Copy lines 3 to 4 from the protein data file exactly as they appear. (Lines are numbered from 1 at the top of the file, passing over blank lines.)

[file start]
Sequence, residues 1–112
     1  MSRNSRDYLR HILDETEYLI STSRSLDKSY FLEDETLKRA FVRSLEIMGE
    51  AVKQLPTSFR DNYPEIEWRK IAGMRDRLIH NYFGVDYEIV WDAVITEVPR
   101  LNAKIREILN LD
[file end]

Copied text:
    51  AVKQLPTSFR DNYPEIEWRK IAGMRDRLIH NYFGVDYEIV WDAVITEVPR
   101  LNAKIREILN LD